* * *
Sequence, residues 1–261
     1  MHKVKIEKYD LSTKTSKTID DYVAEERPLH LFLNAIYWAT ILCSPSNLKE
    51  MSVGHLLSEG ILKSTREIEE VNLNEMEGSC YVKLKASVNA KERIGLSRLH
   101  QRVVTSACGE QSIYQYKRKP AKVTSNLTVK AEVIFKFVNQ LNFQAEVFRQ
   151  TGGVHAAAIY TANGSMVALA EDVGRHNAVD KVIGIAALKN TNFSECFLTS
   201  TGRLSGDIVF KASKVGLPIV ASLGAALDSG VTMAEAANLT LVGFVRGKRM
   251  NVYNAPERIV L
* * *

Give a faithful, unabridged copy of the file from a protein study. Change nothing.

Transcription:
Sequence, residues 1–261
     1  MHKVKIEKYD LSTKTSKTID DYVAEERPLH LFLNAIYWAT ILCSPSNLKE
    51  MSVGHLLSEG ILKSTREIEE VNLNEMEGSC YVKLKASVNA KERIGLSRLH
   101  QRVVTSACGE QSIYQYKRKP AKVTSNLTVK AEVIFKFVNQ LNFQAEVFRQ
   151  TGGVHAAAIY TANGSMVALA EDVGRHNAVD KVIGIAALKN TNFSECFLTS
   201  TGRLSGDIVF KASKVGLPIV ASLGAALDSG VTMAEAANLT LVGFVRGKRM
   251  NVYNAPERIV L